John Heaton (jheaton) wrote,
John Heaton

Bad customer service

Last August, I started redirecting all my impersonal emails -- mailing lists, loyalty clubs, contests, daily deals, that sort of thing -- to a new email address, with the goal of reducing the amount of mail flowing into my inbox every day. Usually, it was pretty easy; most commercial emails have a link to update your contact information right there in the email. Others only offered an unsubscribe link, so for those I would just unsubscribe and resubscribe with the new address. For a number of bands whose mailing lists I'd found myself on after downloading music from Noisetrade, there was a way to unsubscribe but not to resubscribe, so for those I had to submit a request through the list management company's customer support, which I thought was weird and inefficient but got the job done.

After an initial flurry of address changes, I had successfully culled most mail of this type from my primary inbox, but every so often I get a message from a list that hadn't contacted me recently. On May 7, I received a message from the online travel site Travelocity. They'd managed to slip through the cracks by not having contacted me at all in over a year. Nor I them, for that matter; when I went to the site to change my email address, I found my profile listed an address and phone number I'd not had since 2005. I went ahead and changed those while I was at it.

On May 8, I got another Travelocity email in my primary inbox. And another on May 10. And another on May 11. And on May 13.

After receiving another one on May 14, I clicked on the link to opt out of promotional emails I found at the bottom of that email, which which took me to an "unexpected response" page. So the next day I submitted a report to customer support, giving them the error message I'd received and explaining how I was continuing to receive emails at my old address a week after changing it. A little over an hour later, I had an apologetic response from Travelocity, confirming that they had no profile associated with that address and asking me, if I received any additional promotional emails from them, to forward those emails to them.

I received another promotional email from them that night, which I dutifully forwarded to them the next morning, May 16. Shortly afterward, I received a Travelocity Email Unsubscribe Notification in my primary inbox and another response from customer support telling me an unsubscribe request had been submitted.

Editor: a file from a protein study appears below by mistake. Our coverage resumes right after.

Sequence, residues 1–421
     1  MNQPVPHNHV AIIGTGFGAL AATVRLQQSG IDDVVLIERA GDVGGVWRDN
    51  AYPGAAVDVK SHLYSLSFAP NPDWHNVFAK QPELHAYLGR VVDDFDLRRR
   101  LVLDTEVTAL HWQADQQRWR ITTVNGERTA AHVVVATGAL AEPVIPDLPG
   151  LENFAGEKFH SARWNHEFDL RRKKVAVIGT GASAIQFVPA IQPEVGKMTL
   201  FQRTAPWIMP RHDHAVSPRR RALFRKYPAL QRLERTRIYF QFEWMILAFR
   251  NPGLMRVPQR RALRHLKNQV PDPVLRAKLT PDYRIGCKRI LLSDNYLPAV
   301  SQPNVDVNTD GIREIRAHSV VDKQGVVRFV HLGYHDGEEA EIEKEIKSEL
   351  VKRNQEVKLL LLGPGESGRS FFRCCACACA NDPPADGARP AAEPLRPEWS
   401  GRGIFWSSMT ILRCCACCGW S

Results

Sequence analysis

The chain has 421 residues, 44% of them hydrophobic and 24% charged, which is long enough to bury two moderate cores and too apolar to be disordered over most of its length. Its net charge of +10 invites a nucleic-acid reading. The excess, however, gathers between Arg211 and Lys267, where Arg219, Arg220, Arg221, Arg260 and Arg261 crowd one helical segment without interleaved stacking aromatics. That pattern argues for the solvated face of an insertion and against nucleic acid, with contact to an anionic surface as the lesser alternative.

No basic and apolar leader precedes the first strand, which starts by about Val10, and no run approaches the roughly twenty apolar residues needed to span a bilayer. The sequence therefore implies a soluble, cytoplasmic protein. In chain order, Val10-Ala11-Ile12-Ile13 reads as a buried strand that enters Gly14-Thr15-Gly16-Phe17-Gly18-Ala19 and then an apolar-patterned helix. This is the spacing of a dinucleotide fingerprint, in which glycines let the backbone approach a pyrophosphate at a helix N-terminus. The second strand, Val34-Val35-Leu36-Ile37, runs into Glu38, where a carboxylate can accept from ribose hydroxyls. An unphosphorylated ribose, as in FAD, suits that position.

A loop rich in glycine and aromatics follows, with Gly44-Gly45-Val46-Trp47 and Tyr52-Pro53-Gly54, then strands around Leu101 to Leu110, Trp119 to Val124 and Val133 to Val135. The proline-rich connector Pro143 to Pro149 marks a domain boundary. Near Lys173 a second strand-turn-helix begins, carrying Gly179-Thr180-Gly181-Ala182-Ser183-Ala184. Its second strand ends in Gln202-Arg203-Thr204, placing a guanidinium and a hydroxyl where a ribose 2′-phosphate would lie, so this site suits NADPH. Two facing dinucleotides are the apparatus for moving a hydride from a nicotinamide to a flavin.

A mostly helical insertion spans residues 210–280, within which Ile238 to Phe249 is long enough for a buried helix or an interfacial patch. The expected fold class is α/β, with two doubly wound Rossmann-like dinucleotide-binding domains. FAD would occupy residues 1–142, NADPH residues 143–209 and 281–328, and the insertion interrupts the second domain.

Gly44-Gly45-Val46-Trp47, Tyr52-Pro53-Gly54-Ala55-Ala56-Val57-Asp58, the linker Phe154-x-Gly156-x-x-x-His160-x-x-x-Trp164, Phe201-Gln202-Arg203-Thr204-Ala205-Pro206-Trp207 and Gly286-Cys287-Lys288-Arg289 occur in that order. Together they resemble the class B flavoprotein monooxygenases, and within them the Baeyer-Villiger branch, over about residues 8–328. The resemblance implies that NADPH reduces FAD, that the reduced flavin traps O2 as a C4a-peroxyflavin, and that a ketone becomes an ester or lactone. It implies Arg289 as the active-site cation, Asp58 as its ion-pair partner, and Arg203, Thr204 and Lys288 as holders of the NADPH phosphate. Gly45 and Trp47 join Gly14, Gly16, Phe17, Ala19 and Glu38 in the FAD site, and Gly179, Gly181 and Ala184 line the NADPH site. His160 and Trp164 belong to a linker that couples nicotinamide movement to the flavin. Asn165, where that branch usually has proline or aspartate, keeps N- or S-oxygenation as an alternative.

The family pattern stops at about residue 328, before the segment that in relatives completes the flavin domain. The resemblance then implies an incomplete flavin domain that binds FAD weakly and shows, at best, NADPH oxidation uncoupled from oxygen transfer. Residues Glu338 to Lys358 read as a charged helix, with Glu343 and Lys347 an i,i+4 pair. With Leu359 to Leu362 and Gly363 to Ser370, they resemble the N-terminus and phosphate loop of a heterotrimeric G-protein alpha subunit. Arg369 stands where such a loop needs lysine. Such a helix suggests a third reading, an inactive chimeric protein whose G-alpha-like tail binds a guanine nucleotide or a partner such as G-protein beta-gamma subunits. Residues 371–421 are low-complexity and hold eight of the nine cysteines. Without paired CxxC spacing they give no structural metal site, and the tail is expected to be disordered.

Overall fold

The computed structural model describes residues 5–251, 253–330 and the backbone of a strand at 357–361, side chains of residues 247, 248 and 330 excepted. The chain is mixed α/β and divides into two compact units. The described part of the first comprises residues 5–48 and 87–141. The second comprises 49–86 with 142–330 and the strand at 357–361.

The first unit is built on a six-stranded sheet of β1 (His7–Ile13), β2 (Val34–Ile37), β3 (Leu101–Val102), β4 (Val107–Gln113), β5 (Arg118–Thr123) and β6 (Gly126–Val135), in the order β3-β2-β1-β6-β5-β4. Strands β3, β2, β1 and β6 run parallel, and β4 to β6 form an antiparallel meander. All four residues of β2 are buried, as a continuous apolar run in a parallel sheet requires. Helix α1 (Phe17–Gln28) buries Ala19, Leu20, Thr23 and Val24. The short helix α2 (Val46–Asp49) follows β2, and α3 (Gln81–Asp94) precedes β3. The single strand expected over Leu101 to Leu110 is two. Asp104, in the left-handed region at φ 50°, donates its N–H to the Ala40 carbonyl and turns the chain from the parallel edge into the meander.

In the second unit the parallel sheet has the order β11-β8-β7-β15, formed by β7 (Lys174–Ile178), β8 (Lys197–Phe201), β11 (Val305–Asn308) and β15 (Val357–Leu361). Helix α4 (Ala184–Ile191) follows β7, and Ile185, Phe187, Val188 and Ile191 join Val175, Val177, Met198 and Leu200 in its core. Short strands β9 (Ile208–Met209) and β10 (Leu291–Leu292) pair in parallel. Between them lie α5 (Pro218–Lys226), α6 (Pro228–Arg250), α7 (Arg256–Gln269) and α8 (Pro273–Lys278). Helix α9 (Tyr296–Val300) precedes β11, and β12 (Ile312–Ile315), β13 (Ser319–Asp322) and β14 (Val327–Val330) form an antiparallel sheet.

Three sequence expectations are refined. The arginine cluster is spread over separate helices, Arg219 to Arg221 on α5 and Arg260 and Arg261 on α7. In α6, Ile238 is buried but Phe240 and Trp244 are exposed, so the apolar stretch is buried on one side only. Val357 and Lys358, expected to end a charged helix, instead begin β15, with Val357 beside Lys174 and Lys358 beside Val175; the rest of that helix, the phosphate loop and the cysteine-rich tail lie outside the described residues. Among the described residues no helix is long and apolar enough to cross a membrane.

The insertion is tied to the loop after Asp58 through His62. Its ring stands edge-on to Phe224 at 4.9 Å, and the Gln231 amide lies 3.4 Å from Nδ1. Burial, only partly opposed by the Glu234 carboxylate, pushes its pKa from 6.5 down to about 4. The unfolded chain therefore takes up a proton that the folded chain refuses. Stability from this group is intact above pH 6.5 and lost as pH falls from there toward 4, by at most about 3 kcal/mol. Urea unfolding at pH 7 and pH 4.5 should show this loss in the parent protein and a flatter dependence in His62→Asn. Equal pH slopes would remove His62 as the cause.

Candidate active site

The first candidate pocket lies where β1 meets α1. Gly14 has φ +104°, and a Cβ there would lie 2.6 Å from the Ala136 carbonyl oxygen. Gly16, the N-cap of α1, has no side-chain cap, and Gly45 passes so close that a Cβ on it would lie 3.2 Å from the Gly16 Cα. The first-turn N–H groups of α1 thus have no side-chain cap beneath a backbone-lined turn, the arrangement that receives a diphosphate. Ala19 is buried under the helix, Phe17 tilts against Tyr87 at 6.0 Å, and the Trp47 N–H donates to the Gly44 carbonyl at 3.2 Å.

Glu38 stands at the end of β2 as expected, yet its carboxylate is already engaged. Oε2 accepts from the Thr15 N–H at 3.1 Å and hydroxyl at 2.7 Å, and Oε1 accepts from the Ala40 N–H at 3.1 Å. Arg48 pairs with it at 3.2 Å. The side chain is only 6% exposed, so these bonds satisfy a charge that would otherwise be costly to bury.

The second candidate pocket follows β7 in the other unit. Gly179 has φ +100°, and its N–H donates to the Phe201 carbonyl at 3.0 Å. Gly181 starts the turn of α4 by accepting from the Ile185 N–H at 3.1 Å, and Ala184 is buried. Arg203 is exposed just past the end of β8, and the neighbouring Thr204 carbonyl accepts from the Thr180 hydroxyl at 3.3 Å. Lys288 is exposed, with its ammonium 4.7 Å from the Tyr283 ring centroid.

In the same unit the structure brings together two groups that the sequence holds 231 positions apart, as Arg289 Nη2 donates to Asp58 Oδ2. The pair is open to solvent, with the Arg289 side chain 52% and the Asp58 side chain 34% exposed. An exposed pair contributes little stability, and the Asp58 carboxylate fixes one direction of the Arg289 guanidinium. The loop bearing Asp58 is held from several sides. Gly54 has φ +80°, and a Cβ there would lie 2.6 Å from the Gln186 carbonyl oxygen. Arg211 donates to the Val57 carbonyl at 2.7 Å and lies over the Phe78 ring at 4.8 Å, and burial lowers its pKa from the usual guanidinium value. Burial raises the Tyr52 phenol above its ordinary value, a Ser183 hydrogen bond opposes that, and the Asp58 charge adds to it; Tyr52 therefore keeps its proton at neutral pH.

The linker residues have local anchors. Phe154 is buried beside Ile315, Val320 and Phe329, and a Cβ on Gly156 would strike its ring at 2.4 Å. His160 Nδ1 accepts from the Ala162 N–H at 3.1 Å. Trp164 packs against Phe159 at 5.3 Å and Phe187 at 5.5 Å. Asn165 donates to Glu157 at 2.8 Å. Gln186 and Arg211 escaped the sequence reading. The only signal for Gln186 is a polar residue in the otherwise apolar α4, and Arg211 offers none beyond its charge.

Less than two hours later, I received another Travelocity email. And another one less than five hours after that. And another the next morning, May 17. I forwarded all three, noting on the third that I was "not at all averse to the idea of deleting my Travelocity account altogether, and I will do so if the emails do not stop immediately." I had a response back less than 20 minutes later, saying they were investigating the issue and that they appreciated my patience.

On May 18, I received another Travelocity email, with the oddly appropriate subject "LAST CHANCE." I forwarded it, adding "Last chance, indeed." May 19 passed with no emails, but another one arrived on May 20. This one had the subject "Great Travel Fares from Washington, D.C." which was particularly galling given that I'd updated my physical address that at the same time I'd updated my email. I forwarded it, adding that the next thing I would do after hitting send was cancel my Travelocity account.

But of course it's not that simple. Cancellation requests have to go through customer service, so you probably won't be surprised my account has not yet been cancelled. In fact, here's some evidence to suggest they seem to think the account I want to cancel is under the old address, even though the request was submitted with the new email address and all of their communications with me about both support requests have been sent to the new address. Not to mention that fact that THE WHOLE POINT was that my account was no longer associated with the old address.
Tags: i don't get it

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